“I had it made, and it looked like I could go on having it made … as long as I minded my own business and didn’t arrest no one unless I just couldn’t get out of it and they didn’t amount to nothin’.”
That’s exactly how MA attorneys general have always operated, which may explain why they practically never win higher office. Since 1953, one AG has died in office, seven have been defeated in primaries, and one (Marsha Coakley) was twice defeated in runs for higher office.
Ed Brooke is the single exception to the rule. While serving as AG, he was elected to the US Senate — 56 years ago.
Maura’s got $3,670,000 cash on hand, but she’ll need more. That’s why she’s putting the touch on such good-government types as Arthur Winn. Remember that greed head developer?
He admitted in federal court to funneling tens of thousands in illegal campaign contributions to such Democrat titans as Eddie Markey, Steve Lynch and Mike Capuano. He also took care of ex-state Sen. Dianne Wilkerson, last seen on an FBI surveillance video stuffing $100 bills into her bra.
Maura hit up Arthur Winn for a grand on Dec. 27, just before the year ended. Now he can give her another grand — legally! Where do suppose Healey stashed her money?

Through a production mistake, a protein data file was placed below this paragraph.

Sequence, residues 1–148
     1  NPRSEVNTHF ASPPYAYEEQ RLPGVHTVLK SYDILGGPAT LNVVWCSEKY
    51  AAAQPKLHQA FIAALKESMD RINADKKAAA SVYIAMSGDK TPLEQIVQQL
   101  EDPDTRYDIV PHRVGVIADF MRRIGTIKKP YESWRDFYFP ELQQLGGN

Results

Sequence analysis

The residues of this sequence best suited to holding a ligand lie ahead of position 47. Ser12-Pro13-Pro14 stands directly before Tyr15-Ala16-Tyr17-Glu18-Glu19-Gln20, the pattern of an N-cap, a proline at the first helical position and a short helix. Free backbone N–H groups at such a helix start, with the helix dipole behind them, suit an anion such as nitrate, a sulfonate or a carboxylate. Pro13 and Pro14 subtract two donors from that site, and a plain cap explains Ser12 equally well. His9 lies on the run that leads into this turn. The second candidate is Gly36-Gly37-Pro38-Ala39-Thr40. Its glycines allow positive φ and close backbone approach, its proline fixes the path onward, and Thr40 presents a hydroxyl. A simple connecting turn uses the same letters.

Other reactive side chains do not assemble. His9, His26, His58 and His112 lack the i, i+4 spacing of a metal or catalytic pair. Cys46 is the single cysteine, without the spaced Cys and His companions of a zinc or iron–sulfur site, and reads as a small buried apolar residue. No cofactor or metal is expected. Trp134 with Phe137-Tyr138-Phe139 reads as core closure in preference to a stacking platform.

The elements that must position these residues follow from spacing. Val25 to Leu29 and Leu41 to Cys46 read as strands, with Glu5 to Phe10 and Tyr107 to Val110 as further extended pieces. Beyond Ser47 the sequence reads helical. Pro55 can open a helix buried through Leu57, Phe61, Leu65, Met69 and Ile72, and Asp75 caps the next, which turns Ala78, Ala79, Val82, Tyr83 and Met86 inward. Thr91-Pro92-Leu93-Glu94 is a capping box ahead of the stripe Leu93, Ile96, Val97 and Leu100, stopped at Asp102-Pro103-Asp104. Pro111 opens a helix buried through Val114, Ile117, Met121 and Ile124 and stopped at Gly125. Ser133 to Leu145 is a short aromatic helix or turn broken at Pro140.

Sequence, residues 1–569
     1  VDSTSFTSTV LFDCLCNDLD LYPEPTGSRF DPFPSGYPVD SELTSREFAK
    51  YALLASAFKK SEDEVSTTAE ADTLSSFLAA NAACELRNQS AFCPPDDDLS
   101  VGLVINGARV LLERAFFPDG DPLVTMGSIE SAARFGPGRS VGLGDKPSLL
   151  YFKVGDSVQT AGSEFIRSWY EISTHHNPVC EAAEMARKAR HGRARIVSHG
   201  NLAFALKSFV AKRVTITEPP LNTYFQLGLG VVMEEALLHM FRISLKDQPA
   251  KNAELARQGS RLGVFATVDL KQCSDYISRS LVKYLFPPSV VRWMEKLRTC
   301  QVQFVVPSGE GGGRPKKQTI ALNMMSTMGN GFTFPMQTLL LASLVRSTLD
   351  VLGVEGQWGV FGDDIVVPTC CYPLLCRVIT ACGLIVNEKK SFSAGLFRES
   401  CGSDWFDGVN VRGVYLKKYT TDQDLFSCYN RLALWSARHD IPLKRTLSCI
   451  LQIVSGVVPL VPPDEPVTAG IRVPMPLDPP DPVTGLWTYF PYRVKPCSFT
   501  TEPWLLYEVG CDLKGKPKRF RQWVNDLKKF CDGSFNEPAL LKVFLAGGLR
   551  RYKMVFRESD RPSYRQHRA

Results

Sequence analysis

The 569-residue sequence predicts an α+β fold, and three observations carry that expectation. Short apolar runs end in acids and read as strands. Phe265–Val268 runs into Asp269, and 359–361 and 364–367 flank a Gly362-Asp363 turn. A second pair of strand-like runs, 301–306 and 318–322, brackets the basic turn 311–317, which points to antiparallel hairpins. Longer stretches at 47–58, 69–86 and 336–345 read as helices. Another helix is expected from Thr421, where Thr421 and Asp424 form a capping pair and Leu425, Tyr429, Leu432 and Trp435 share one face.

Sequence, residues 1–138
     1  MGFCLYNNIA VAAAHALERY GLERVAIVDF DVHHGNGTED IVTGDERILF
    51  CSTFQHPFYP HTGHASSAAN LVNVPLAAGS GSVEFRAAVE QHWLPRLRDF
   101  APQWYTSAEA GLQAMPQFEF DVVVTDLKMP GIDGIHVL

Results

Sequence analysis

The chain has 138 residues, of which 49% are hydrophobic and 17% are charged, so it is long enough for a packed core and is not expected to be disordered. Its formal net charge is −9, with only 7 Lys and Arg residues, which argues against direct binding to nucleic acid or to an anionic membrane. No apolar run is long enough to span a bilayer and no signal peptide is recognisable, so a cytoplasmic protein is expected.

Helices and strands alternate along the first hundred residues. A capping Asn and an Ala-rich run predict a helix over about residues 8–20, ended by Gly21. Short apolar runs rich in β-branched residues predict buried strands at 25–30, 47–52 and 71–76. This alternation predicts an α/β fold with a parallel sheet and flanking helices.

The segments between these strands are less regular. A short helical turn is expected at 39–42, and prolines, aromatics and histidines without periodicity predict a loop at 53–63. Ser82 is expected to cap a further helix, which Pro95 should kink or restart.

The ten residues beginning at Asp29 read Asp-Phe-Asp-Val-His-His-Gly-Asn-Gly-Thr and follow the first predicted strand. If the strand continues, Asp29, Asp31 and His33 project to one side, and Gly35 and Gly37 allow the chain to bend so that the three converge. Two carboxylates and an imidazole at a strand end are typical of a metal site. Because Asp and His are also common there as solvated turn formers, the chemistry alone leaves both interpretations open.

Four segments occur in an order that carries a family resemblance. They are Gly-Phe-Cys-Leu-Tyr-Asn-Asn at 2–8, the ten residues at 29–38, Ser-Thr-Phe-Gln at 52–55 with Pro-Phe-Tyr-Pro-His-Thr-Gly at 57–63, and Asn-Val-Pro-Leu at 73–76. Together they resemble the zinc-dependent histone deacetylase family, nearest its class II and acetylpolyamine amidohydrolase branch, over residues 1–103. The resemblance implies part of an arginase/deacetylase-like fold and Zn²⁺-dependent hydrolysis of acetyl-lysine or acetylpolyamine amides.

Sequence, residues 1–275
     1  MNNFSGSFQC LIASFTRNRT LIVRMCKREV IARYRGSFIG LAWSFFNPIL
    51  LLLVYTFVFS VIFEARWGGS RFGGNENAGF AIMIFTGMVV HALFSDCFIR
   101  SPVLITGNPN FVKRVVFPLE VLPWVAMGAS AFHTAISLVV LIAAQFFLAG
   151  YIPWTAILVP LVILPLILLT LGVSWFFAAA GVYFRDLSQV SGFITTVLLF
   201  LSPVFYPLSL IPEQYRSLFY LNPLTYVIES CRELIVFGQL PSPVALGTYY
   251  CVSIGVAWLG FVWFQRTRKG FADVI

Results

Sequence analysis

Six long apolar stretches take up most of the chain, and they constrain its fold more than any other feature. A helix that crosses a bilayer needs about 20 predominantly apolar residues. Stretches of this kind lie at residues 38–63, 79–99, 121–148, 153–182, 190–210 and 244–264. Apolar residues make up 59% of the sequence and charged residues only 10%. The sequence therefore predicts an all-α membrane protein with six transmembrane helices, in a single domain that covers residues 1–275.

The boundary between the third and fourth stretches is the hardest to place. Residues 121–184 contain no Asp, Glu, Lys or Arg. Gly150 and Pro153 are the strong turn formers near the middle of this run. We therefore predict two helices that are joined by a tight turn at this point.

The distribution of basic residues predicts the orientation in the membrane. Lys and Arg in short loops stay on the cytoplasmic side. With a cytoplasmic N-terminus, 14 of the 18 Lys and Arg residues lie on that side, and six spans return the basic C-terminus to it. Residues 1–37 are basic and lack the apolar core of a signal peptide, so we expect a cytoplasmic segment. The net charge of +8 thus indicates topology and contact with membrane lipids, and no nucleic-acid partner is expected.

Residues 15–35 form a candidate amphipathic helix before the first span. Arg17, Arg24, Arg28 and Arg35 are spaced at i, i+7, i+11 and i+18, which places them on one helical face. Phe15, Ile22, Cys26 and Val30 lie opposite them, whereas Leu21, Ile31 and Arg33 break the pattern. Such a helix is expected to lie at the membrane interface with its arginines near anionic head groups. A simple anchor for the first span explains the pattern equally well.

Meanwhile, on Tuesday a representative of the Republican state committee filed a formal FOIA request with the city of Boston election department for “any and all documents related to the voter registration and party affiliation of Maura Healey, including any information related to change of address, change of party registration and change of voter status.”
Wonder what that’s all about? The GOP also made the same demand for the voting records of Sen. Sonya Chang-Diaz, but unlike Maura, I don’t believe Dianne Wilkerson’s successor moved last spring, the way the AG did from Charlestown to the South End.
So many questions as the campaign begins. For instance, how does Maura get along with, say, the State Police? You know, Charlie Baker adores his troopers for ever so many reasons. How does Maura feel about her staties?
Inquiring minds … well, you know.